ALLTRISTA PLASTICS LLC d/b/a JARDEN PLASTIC SOLUTIONS, Plaintiff Below, Appellant,
ROCKLINE INDUSTRIES, INC., Defendant Below, Appellee.
Submitted: February 24, 2017
Below-Superior Court of the State of Delaware C.A. No.
STRINE, Chief Justice; VALIHURA and SEITZ, Justices.
Collins J. Seitz, Jr. Justice.
12th day of April 2017, having considered the
appellant's notice and supplemental notice of appeal from
interlocutory order under Supreme Court Rule 42, it appears
to the Court that:
appellant, Alltrista Plastics LLC d/b/a Jarden Plastic
Solutions ("Jarden"), has filed a notice seeking to
appeal an interlocutory order of the Superior Court in a
breach of contract action. By order dated February 24, 2017,
the Superior Court denied Jarden's application for
background of this matter is as follows. In 2010, Jarden and
the appellee, Rockline Industries, Inc.
("Rockline"), entered into a Supply Agreement under
which Jarden was to develop and supply plastic containers to
Rockline. If the containers could be successfully developed,
Rockline was to purchase thirteen million containers annually
for three consecutive years. The Supply Agreement included a
provision that Rockline could terminate the Supply Agreement
without cause and that, in the event of such termination,
Rockline would pay a termination fee. The Supply Agreement
had another provision, which stated that the termination fee
was not a penalty and would serve as liquidated damages for
Rockline's breach of the Agreement.
2012, Jarden sent a demand letter claiming that it had met
all of its obligations under the Supply Agreement and that
Rockline was obligated to finish paying for a custom designed
tool and to pay for the first annual installment of
containers. When Rockline rejected the demand, claiming that
Jarden had not produced acceptable containers, Jarden filed
suit against Rockline, and Rockline sent a letter formally
terminating the Supply Agreement with cause.
Jarden's Superior Court complaint alleged that Rockline
breached the Supply Agreement by failing to pay the balance
on the custom designed tool; failing to order the annual
minimum amount of containers; and failing to pay the
termination fee. During discovery, Jarden's damages
expert proffered three alternative theories of Jarden's
damages: lost gross revenue; lost profit; and a combination
of lost gross revenue and the termination fee.
November 2015, Rockline moved for partial summary judgment on
the issue of damages, arguing, in relevant part, that the
Supply Agreement's termination fee served as a liquidated
damages provision and therefore established the parties'
agreement on the amount of damages Jarden could receive if it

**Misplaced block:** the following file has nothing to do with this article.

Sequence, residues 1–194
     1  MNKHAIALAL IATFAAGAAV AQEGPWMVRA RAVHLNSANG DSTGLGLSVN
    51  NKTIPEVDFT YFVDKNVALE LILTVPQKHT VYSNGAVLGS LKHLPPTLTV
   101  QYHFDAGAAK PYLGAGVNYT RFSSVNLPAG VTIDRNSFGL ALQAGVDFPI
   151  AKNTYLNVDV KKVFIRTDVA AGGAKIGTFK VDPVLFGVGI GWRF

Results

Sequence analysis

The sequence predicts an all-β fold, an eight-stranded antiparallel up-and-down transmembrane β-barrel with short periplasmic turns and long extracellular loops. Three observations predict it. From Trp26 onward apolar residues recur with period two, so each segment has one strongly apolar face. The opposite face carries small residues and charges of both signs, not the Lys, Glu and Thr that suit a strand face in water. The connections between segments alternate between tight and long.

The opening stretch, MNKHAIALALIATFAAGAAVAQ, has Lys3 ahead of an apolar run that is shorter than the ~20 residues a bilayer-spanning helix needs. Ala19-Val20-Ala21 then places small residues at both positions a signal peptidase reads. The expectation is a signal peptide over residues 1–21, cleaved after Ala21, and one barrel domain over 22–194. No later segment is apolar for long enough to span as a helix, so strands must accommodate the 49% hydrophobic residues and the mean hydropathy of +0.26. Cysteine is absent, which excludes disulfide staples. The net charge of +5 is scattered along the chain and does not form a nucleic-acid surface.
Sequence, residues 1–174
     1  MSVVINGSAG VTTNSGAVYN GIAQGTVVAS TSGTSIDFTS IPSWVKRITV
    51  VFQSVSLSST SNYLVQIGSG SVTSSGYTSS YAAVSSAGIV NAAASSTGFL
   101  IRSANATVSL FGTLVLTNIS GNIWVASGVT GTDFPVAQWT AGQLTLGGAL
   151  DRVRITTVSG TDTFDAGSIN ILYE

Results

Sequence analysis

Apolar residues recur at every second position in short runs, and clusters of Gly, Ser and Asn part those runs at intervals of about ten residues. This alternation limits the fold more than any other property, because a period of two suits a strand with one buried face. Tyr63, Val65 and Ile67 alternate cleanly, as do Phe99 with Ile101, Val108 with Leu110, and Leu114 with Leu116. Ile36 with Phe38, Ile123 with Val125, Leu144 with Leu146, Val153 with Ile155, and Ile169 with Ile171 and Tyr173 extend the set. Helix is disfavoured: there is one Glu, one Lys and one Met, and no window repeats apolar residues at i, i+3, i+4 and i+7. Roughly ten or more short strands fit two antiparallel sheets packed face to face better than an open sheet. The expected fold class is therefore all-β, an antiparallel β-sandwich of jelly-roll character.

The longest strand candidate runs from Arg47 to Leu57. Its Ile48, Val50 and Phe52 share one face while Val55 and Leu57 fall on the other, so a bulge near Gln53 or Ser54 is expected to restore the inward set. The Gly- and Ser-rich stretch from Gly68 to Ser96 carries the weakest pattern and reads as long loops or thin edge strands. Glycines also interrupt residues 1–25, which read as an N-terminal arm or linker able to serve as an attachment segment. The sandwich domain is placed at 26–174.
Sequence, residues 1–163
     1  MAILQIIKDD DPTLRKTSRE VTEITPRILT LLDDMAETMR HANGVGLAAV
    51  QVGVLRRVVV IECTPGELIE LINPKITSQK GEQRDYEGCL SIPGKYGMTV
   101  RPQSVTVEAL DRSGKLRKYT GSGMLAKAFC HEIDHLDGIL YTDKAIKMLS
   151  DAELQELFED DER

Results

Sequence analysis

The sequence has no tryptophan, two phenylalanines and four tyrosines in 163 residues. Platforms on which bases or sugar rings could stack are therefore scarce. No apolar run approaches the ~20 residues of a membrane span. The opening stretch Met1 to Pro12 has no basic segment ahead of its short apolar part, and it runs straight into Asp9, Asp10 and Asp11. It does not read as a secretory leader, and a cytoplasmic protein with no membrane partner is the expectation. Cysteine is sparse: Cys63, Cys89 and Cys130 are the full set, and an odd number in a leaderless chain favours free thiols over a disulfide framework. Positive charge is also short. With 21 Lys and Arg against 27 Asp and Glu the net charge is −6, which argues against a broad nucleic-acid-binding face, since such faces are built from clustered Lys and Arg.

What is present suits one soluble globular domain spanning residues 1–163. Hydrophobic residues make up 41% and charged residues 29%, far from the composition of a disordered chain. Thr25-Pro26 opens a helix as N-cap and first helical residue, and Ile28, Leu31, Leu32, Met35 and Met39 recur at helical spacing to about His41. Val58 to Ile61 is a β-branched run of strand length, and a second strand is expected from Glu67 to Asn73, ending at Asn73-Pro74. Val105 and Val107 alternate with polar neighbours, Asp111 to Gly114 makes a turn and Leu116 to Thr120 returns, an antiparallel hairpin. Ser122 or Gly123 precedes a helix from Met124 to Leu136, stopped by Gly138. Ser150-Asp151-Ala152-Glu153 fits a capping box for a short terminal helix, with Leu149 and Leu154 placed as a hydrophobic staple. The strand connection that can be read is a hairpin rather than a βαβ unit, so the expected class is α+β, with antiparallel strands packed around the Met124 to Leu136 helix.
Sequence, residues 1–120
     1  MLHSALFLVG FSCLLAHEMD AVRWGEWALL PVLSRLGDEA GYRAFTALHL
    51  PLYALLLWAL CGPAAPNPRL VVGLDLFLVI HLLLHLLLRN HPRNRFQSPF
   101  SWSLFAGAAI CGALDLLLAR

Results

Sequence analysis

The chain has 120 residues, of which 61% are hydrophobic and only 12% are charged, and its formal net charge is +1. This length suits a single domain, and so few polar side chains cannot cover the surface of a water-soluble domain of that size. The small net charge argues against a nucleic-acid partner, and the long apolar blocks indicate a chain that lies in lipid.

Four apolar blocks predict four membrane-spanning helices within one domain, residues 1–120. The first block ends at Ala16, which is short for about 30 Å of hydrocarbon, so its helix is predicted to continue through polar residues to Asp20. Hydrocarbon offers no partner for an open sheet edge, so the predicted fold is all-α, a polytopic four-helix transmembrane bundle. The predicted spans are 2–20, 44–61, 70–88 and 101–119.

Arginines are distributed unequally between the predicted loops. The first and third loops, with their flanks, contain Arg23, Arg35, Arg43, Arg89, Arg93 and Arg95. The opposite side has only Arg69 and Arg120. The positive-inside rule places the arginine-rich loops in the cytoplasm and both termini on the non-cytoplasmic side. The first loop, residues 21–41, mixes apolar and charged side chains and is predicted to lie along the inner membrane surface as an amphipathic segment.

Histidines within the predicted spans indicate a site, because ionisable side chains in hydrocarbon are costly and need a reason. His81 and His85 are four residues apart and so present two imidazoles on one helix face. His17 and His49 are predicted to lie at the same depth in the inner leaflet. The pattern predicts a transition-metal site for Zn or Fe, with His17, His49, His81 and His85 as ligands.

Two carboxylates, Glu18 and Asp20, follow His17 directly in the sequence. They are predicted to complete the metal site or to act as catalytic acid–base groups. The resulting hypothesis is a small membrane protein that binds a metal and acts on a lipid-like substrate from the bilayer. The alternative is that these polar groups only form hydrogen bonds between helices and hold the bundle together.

prevailed on its suit. Jarden opposed the partial summary
judgment motion, arguing, in relevant part, that the
termination fee was never triggered because Rockline
purported to terminate the Supply Agreement with cause as
opposed to without cause. In an April 8, 2016 bench ruling,
the Superior Court denied the motion for partial summary
judgment after determining, in relevant part, that the
termination fee had not been triggered and therefore was not
October 2016, Rockline moved for reconsideration of the April
8 bench ruling and then for relief from that judgment under
Superior Court Civil Rule 60. Jarden opposed both motions.
The Superior Court held a teleconference on the motion for
reconsideration and a hearing on the motion for relief from
judgment. By letter opinion dated January 18, 2017, the
Superior Court vacated the April 8 bench ruling, in relevant
part, after determining that the terms of the Supply
Agreement provided that the termination fee should be treated
as liquidated damages for Rockline's alleged breach of
Jarden filed an application for certification of the January
18 interlocutory order. Rockline opposed the application. By
order dated February 24, 2017, the Superior Court denied the
application after finding that the January 18 order did not,
as Jarden suggested, decide a substantial issue of material
importance, determine a substantial right that related to the
merits of the case, or involve a novel question of law
resolved for the first time in this State.
Applications for interlocutory review are addressed to the
sound discretion of the Court and are granted only in
exceptional circumstances where the interlocutory order has
decided a substantial issue of material importance that
merits appellate review before a final
judgment. In this case, the Court agrees with the
Superior Court's denial of Jarden's application for
certification of an interlocutory ...